Sandwiched between its siblings, the price-leading entry-level Tiggo 2 (which starts at a stunningly low P695,000 for the stickshift version) and the head-turning European-inspired all-new Tiggo 7 Pro (which retails for P1,198,000, boasting a staggering array of standard comfort, luxury and safety features), the Chery Tiggo 5X finds itself in somewhat of a gray area.
It’s not as generously sized and upscale as its more expensive sibling, but isn’t exactly priced to draw out budget-conscious buyers like its entry-level little brother.
So while the Tiggo 2 does a good job of attracting potential buyers who would otherwise be looking at tiny hatchbacks or barebones subcompact sedans, the Tiggo 5X finds itself being compared to a lot of other cars, from a stalwart crossover like the MG ZS, to the ever-popular subcompact sedans like the Toyota Vios and Honda City.
The Tiggo 5X 1.5 starts at P818,000 for the manual transmission variant—curiously the same price as the starter manual-equipped MG ZS 1.5 Style. Pricing stays very close even with their lowest priced automatic models (P860,000 for the Tiggo 5X AT and P868,888 for the ZS Style AT).
But while the ZS has two more higher-end automatic variants at P898,888 and P998,888, the Tiggo 5X only has one at P970,000. Its pricing also puts it smack dab in the upper half of the vast range of the Vios lineup (as well as that of almost all other subcompact sedans).
For many people, a spacious and high-riding crossover that’s priced the same as a small and less versatile sedan is a no-brainer. This alone dramatically expands the Tiggo 5X’s potential market.
Of course, I cannot always be on the same wavelength as others when it comes to a vehicle’s looks and a new brand’s perceived reputation and image. Those would be mostly subjective.
Nonetheless, I find the Tiggo 5X’s design good-looking enough in a chunky way—almost like a Nissan Juke but with less of the visual quirkiness. The chunky side panels, high beltline, and thick C-pillar all contrive to make the car look shorter than it is, but it’s actually longer and more spacious than it seems.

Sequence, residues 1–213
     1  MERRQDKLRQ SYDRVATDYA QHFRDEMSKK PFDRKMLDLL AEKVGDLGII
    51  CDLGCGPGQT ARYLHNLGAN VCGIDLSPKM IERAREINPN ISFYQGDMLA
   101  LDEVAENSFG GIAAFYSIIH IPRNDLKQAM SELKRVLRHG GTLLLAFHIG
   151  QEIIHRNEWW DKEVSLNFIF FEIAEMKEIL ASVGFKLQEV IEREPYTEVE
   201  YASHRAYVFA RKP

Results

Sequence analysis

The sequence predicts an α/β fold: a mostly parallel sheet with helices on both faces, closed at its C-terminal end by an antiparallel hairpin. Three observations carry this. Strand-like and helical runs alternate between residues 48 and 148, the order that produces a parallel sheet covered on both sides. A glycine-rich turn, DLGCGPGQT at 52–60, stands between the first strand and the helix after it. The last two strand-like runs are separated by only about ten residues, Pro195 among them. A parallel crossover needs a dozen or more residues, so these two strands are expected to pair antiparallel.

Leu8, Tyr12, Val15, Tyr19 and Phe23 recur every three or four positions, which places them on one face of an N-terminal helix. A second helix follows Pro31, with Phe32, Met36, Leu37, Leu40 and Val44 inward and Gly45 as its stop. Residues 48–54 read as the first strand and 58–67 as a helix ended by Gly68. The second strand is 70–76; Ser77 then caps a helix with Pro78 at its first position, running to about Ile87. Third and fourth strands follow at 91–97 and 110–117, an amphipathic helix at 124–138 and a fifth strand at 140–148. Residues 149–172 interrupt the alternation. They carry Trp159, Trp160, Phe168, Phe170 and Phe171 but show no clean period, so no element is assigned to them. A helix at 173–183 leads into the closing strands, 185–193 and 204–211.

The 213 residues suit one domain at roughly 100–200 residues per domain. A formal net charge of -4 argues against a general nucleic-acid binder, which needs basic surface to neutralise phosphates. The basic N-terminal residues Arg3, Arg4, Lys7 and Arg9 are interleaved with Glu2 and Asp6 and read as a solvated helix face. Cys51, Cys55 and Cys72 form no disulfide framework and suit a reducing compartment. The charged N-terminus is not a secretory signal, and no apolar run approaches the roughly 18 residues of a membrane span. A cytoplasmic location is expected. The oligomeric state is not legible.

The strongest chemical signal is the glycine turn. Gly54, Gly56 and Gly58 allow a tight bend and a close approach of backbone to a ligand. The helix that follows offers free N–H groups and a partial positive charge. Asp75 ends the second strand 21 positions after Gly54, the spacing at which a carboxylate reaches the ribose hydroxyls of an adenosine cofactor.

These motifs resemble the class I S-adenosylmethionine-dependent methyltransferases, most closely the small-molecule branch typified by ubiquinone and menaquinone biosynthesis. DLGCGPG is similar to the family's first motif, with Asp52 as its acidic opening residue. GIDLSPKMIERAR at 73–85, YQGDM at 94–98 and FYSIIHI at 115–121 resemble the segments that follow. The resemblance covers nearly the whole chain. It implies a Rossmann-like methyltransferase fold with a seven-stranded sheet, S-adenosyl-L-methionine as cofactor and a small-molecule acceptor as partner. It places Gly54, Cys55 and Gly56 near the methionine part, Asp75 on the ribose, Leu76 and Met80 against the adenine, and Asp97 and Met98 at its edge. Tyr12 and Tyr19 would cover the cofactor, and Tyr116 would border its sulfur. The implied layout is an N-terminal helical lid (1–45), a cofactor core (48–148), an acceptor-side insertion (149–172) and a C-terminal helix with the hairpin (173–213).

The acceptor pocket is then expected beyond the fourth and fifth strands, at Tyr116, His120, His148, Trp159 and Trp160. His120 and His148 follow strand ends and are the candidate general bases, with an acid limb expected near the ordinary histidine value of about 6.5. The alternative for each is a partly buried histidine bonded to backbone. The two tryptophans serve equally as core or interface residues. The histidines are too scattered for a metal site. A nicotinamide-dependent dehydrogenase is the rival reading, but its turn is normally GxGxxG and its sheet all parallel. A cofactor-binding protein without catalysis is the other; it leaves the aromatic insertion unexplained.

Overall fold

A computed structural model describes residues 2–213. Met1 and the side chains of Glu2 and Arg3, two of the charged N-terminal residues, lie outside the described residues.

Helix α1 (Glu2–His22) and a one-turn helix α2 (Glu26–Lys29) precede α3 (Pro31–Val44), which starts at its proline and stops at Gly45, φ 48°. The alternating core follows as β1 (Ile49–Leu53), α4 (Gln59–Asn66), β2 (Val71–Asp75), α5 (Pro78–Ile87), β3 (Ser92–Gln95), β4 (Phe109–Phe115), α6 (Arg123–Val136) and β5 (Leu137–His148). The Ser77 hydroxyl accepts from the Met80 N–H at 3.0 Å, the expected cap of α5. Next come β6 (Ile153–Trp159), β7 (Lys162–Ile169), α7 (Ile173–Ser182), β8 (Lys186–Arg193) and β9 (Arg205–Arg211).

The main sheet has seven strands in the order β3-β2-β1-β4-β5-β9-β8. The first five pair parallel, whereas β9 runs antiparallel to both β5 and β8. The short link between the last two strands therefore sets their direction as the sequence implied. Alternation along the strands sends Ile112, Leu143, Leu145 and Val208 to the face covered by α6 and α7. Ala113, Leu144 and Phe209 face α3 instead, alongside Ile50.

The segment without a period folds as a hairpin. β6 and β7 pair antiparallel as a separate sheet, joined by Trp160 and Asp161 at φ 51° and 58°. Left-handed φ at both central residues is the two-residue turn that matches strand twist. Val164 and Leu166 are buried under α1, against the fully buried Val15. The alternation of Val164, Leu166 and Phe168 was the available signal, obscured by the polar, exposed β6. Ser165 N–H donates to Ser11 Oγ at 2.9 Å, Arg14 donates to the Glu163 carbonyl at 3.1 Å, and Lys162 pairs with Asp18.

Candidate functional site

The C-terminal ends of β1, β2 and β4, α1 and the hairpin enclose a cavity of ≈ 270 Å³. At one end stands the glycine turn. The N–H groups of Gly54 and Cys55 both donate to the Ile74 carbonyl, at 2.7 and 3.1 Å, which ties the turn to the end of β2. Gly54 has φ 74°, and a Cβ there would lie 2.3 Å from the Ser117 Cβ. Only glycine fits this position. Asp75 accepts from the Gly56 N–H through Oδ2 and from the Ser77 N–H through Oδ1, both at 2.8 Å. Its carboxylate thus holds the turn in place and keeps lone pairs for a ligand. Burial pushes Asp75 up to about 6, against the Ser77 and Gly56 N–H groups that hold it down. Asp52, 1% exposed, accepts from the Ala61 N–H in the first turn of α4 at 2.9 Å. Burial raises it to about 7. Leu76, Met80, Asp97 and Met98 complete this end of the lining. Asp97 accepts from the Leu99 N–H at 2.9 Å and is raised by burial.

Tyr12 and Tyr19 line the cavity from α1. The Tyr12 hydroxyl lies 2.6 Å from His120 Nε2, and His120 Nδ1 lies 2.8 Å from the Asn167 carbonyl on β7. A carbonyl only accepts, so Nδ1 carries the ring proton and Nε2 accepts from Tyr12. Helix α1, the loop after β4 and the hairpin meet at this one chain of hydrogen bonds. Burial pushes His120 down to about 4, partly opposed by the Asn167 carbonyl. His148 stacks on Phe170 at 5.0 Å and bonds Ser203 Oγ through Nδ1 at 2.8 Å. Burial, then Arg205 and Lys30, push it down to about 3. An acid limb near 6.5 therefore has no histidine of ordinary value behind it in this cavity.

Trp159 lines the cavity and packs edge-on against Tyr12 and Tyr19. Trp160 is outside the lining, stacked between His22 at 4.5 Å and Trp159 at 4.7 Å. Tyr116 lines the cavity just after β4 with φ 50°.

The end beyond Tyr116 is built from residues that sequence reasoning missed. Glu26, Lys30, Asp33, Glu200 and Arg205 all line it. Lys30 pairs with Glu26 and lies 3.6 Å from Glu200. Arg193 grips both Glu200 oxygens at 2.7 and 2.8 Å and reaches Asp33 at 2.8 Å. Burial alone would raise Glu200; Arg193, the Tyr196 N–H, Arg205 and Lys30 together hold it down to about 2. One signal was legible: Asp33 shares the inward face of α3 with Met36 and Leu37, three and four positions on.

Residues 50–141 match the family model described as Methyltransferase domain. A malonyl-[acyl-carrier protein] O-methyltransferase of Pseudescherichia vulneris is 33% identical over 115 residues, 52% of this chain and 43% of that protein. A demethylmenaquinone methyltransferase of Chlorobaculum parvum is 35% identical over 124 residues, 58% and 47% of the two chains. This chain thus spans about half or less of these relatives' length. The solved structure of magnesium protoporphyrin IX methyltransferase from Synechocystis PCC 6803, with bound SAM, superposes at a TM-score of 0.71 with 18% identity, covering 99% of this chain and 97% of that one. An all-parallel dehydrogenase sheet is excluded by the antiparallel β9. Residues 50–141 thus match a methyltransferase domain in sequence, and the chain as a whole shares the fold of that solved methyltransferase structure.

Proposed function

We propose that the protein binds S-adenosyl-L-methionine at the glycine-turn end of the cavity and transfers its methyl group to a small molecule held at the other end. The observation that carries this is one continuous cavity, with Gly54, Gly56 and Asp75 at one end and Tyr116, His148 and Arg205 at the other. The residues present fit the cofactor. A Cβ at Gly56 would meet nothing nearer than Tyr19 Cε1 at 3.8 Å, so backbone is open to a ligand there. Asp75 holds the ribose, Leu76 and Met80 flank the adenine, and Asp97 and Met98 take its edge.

This crossover punches above its weight with a generous array of standard features inside and out. The big blacked-out grille, black mesh side air intakes, and aggressive-looking headlamps lend the Tiggo 5X that “Euro-inspired face” that’s both compelling and characterful.
The Tiggo 5X’s 17-inch alloy wheels sport a very sporty five-triple-split-spoke design and are wrapped by big 215/60R17 rubber that works wonders in soaking up bumps and potholes and makes curb-jumping relatively painless—as opposed to some crossovers’ tires that have aspect ratios of 50 or even less and result in a choppy or jarring ride.
Inside the well-crafted cabin with plenty of soft-touch surfaces (in contrast to many small sedans’ hard plastic inner door panels), judicious space utilization results in a spacious cabin with generous headroom, legroom, and shoulder room for both front and rear passengers. Cargo space is better than most sedans’ truck space and can be increased a lot more by folding down the 60:40-split rear seats.
The faux leather upholstery on the highly supportive and comfortable seats feel plush, with mutli-way power adjustments for the driver’s seat. Yet another luxury feature is the electronic parking brake, which does away with the conventional handbrake lever for greater convenience (and more space on the console). There’s also push-button engine start/stop, a power sunroof and rear aircon vents.
Under the hood of the Tiggo 5X is a smooth and impressively refined 1.5-liter 4-cylinder petrol engine that produces 114ps and 141Nm of torque—hardly superlative numbers but plenty adequate for everyday driving. No less than automotive giant Borg Warner developed the engine’s Dual Variable Valve Timing system. Other advanced engine technologies include cylinder head-integrated exhaust manifolds, intake manifold-integrated water-cooled intercooler and an electronic thermostat.
Since the Tiggo 5X is a step above the Tiggo 2, there are a lot more safety features included like HDC or Hill Descent Control, which allows the car to safely descend steep roads in full control, and HHC or Hill Hold Control, which automatically uses the brakes to prevent the car from rolling backwards when you want to accelerate from a standstill on a slope.
Another safety feature of the car is the 360-degree around-view-monitor, which provides more viewing angles and wider vision for a stress-free drive. The Tiggo 5X’s instrument display utilizes a 7-inch LCD, which is among the largest in its class. For infotainment, the Tiggo 5X’s huge and nicely intuitive 9-inch touchscreen display allows you to control and display your phone’s various functions (including playlist and navigation) via Mirror Link.
The Tiggo 5X’s leather-wrapped steering wheel has intelligent speed control, which integrates cruise control, overspeed alarm, active speed limit and all other functions. A welcome change from most cars is the four-door power window in which all four windows support one-touch push-button descend. I also applaud the use of idiot-proof large knobs and buttons for the climate control that let you set the cabin climate without taking your eyes off the road.
All things considered, the Chery Tiggo 5X has what it takes to steal sales from any number of sedans or crossovers—and not just based on a lower price. And if you’re still having second thoughts about the after-sales experience, there’s always Chery’s industry-leading five-year/150,000-km general warranty and 10-year/1 million-km engine warranty plus three-year free PMS and three-year roadside assistance.